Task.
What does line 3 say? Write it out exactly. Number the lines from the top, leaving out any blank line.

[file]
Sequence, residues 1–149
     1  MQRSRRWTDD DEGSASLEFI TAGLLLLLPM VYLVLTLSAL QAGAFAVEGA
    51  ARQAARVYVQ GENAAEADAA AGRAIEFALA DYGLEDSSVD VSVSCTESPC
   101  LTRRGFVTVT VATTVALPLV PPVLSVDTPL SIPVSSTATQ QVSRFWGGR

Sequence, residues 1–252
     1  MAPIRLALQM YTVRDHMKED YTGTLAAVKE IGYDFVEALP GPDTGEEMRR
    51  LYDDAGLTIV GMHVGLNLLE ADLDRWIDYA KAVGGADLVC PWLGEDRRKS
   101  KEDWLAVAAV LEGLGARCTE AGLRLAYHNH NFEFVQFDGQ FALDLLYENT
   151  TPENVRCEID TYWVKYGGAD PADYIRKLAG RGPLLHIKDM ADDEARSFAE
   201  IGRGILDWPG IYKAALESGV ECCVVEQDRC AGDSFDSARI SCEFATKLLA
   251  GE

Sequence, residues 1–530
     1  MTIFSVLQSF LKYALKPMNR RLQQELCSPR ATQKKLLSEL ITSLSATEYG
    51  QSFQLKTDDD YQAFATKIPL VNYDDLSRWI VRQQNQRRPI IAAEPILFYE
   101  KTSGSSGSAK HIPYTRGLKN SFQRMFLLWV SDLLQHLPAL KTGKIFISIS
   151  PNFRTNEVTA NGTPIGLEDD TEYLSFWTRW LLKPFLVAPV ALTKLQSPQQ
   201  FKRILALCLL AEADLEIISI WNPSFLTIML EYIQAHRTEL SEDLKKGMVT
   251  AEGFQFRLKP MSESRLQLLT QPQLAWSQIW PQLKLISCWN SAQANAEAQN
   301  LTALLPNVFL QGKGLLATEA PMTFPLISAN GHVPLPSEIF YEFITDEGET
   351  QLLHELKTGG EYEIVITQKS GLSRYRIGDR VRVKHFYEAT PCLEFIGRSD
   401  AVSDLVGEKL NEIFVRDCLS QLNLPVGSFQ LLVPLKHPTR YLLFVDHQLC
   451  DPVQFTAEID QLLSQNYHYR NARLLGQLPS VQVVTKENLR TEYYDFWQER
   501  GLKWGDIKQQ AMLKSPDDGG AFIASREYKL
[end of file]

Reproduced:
    51  ARQAARVYVQ GENAAEADAA AGRAIEFALA DYGLEDSSVD VSVSCTESPC